– maintain a system for receiving consumer complaints that federal agents can periodically review.

WatchdogNation.com TIP

If you were scammed in a MoneyGram wire transfer, here’s how to apply for your part of the $18 million settlement:

1. File a written written complaint with MoneyGram. Contact them at 1-800-666-3947 to get started.

2. File a complaint with the Federal Trade Commission by visiting Web site ftc.gov or by calling toll-free 1-877-382-4357.

3. File a complaint with your state’s Attorney General.

Source: FTC

Don’t fall for it

Don’t wire money to:

– someone you don’t know

– someone claiming to be a relative in the midst of a crisis who wants to keep the transfer a secret

– someone who says a money transfer is the only form of payment accepted

– someone who asks you to deposit a check and send some of the money back

Source: FTC

What MoneyGram now tells customers:

On MoneyGram’s Web site, clear warnings are now issued that many of the reasons Americans were using the company’s service were fraudulent. This is worth reprinting in full from MoneyGram’s Web site:

Don’t Send Money to Strangers

MoneyGram never recommends sending money to a stranger. Any monies received by a stranger cannot be recovered and unfortunately you will not get your money refunded back to you.

Lottery/Sweepstakes

Have you ever received a communication stating that you won something (money or a prize), but before you can collect you will need to send money to pay for taxes, customs, or any fees?  However, you didn’t actually buy a ticket or enter a sweepstakes. This is a SCAM.

Don’t send transfer money to the people who are stating you have “WON” something but need to send them funds before collecting your winnings. You will never have to pay money up front to receive any legitimate lottery or sweepstakes winnings

Internet Purchases

Have you found something online that interests you – a puppy, a car, an apartment for rent or any item for sale? Does the price for the item seem to be too good to be true and are you being asked to pay for the item through a MoneyGram money transfer?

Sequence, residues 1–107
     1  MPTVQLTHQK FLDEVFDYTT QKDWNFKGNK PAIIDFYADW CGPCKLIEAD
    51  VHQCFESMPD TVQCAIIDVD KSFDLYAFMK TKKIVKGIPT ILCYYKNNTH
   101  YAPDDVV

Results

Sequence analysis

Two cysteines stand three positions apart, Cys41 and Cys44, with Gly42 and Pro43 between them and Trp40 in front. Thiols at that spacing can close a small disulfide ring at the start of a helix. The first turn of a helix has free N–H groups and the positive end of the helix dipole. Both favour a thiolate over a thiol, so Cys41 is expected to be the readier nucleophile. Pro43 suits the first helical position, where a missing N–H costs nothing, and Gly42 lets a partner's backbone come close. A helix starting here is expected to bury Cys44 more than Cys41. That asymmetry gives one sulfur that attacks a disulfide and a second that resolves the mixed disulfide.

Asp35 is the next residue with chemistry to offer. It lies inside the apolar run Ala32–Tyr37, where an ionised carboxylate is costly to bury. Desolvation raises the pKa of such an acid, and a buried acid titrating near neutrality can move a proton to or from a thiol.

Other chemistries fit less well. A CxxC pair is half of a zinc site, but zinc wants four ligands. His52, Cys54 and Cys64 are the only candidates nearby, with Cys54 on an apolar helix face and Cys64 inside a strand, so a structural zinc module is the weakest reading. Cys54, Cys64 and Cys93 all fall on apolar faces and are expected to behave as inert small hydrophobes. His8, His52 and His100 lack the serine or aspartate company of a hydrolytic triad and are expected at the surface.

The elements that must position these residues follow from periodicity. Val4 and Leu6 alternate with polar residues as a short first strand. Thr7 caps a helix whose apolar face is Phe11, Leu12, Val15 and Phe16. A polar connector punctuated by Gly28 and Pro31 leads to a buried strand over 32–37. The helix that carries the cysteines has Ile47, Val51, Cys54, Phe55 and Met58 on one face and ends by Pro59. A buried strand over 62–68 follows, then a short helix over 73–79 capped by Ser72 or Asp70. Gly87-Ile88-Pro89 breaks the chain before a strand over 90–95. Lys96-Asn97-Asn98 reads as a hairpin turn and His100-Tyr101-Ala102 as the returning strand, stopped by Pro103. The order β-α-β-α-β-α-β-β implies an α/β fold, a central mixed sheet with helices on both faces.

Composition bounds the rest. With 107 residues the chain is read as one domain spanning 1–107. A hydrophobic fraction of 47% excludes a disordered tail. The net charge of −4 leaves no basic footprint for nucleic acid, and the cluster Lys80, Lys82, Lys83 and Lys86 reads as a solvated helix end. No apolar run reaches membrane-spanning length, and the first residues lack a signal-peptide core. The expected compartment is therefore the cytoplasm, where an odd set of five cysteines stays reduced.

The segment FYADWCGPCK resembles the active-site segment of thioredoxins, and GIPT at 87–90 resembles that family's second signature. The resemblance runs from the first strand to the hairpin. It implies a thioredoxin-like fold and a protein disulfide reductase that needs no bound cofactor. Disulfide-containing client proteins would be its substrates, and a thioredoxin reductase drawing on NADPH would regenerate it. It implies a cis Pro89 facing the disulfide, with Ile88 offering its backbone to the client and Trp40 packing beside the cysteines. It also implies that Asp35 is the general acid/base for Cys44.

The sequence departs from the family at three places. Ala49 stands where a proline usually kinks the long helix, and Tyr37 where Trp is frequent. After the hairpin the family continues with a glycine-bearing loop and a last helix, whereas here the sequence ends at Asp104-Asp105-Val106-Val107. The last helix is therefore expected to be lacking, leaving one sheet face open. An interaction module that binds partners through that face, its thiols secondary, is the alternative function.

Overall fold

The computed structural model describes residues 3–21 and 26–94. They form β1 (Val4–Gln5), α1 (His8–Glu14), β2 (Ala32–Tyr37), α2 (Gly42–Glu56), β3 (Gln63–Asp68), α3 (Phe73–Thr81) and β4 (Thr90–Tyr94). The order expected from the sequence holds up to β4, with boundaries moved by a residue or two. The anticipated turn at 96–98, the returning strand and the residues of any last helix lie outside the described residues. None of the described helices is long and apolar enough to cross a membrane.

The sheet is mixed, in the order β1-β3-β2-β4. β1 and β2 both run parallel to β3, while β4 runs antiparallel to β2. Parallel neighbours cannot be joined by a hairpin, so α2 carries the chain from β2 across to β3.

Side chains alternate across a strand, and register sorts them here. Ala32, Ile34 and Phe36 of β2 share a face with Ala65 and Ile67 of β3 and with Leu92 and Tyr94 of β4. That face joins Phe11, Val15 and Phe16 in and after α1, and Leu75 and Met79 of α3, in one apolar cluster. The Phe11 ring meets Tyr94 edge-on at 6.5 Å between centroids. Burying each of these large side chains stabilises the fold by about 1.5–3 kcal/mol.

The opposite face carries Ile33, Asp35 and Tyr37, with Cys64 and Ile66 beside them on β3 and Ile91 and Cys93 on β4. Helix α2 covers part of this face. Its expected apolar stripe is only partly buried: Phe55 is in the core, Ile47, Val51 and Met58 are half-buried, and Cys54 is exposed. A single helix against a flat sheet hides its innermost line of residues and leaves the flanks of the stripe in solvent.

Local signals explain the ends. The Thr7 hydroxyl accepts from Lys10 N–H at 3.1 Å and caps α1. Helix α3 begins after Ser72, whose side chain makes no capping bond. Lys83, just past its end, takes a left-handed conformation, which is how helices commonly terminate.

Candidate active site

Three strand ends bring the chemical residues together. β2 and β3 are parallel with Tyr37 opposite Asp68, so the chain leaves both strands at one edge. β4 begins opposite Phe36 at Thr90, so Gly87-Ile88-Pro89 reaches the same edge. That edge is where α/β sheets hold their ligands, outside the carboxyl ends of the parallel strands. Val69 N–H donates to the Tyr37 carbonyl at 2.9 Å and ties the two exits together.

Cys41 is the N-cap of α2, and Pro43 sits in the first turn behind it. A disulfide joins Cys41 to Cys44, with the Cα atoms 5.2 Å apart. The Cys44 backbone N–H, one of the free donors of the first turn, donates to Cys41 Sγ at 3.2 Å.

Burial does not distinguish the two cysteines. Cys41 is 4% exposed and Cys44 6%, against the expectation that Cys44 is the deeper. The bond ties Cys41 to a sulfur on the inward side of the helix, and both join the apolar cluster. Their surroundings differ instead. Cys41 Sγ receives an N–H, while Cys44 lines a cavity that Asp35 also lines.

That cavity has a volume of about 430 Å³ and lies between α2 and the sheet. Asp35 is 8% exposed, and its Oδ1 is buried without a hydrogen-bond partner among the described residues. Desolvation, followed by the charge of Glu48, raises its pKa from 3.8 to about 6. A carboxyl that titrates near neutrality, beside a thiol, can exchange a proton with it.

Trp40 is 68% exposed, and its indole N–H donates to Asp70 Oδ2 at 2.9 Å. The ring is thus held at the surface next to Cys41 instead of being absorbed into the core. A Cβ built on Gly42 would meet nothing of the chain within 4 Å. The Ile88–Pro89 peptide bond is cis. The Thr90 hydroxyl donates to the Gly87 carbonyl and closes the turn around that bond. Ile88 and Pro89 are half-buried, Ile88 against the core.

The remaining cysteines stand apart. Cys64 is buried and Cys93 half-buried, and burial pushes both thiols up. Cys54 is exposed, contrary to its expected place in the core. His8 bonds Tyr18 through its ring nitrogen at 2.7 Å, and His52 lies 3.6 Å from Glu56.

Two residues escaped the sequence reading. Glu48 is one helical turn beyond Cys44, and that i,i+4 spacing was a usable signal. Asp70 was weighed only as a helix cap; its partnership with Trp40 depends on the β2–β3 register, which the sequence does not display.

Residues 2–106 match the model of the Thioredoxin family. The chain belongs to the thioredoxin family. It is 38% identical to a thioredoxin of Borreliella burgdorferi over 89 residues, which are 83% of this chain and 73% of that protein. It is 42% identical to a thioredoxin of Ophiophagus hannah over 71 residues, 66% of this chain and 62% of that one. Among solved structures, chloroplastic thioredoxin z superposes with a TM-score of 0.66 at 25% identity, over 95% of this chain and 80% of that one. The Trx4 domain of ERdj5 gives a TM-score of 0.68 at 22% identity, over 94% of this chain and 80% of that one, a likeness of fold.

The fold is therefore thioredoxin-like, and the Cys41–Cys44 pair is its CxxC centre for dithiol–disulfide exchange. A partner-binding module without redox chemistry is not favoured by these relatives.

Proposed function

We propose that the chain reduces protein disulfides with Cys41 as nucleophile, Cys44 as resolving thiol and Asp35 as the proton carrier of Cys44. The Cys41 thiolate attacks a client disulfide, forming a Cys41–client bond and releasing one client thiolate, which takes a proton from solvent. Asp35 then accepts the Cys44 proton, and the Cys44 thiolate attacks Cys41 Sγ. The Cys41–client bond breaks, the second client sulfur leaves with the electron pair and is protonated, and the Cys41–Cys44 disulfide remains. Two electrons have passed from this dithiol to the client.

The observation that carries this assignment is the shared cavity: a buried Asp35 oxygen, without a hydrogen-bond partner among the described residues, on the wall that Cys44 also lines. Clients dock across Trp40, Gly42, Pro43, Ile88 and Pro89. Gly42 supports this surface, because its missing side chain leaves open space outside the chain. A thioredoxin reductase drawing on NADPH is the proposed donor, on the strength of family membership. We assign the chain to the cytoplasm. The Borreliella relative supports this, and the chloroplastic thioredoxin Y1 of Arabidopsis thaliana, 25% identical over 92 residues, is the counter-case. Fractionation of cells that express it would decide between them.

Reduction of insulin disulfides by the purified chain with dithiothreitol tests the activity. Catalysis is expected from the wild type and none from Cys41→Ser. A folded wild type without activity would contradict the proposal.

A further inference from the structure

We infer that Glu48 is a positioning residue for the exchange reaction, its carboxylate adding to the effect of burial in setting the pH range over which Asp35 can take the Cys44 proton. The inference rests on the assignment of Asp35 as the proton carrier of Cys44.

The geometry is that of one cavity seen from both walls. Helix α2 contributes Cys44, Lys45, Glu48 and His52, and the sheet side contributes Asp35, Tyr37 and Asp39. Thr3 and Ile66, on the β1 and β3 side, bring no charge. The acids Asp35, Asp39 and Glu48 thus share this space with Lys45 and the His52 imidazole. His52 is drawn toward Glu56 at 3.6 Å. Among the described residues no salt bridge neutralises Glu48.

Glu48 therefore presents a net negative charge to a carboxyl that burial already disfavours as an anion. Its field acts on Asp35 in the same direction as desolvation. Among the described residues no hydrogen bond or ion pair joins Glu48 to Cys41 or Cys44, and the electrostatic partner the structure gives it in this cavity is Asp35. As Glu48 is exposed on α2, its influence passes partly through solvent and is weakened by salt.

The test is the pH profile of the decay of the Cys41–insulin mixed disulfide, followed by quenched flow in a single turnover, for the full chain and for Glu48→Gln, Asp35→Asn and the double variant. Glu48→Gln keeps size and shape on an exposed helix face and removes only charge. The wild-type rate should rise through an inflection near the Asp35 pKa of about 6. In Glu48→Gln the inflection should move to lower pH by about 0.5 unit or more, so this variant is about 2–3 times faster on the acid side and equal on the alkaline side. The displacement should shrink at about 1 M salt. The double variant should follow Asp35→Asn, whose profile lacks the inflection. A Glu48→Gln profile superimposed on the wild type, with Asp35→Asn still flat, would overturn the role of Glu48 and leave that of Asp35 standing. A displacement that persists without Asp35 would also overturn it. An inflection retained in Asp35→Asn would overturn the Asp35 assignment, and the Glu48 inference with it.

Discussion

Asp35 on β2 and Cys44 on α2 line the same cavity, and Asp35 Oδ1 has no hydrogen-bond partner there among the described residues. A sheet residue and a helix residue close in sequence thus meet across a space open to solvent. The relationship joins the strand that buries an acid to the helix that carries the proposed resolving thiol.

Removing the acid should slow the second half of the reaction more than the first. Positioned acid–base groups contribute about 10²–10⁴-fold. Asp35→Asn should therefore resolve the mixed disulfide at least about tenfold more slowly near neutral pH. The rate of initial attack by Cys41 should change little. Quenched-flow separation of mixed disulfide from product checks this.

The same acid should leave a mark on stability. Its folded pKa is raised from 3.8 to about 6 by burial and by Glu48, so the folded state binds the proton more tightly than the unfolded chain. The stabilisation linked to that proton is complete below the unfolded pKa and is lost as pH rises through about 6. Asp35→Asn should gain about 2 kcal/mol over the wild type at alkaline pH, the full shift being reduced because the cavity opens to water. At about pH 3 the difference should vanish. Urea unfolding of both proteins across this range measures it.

Unfortunately, this is a SCAM.

Do not send money for the item to the seller. They may even send you a letter or e-mail of authentication telling you that you have purchased the item but need to wire funds first. Do not send the money. It is a SCAM. You will receive no merchandise. Once money is wired and received it cannot be recovered and unfortunately you will be at loss for any money transferred.

Loan Scams

Did you receive an e-mail or mailing about getting a loan? Were you asked to send money for loan fees, taxes, service fees, advance payments or any other reason? This is a SCAM.

Do not send money to a loan company to obtain a loan.  If the money is wired and received it can not be recovered. You will be at a loss for the money you have sent.

Checks/Money Orders in the Mail

Have you received a check or money order in the mail with instructions to first cash it at your bank and then send some of the funds to someone else through a MoneyGram money transfer? If so, the check/ money order is counterfeit and your bank will make you cover the loss.

Be aware that counterfeit checks are very hard to identify. You may have been promised a percentage of the check for employment or because of an over payment. This is a SCAM. Do not send the money and do not cash the check

E-mail Scams

Have you received a random e-mail from someone who needs help getting money back into the United States?  They may claim to be ill or inheriting a company and asking you to help them by wiring money – Do not send money to this person as this is a scam. Any money sent to the stranger will be lost and you will not get a refund.

Did you receive an e-mail from MoneyGram? The only time you will ever receive an e-mail from MoneyGram is if you sent money through www.emoneygram.com. If you receive an e-mail stating that a payment/or funds have been sent to you, and you didn’t use eMoney Transfer, the e-mail is fraudulent.

Romance Scams

Did you meet someone through a personal ad, e-mail, chat room or an instant message? Did they ask you to send them money for travel or to help them financially? Do not wire the money – This is a SCAM. Any money received by this person cannot be recovered and you will be at loss for any money sent.

Newspaper Ads

Have you found something for sale in the classifieds or any type of newspaper ad? Did they ask you to pay for the item through a MoneyGram money transfer? This is a SCAM.

Do not use a money transfer to purchase an item from a stranger. It is not safe to use a money transfer service when trying to purchase an item

Grandparent/Relative Scam

Did you receive a phone call from a grandchild or a family member? Are they in despair because they have been detained in Canada for not having a fishing license or for catching a protected species of fish? Have they been in a car accident? Are they asking for money to pay fines or for car repair? Did a relative call because they need money for a family member in medical need or for medicine? THIS IS A SCAM! Use precaution when sending money in this situation. These callers can request that you send money anywhere in the world. If you cannot verify with your family member that they are requesting the money and aren’t sure about the transaction, do not send the money. You will be at a loss for any money that is sent.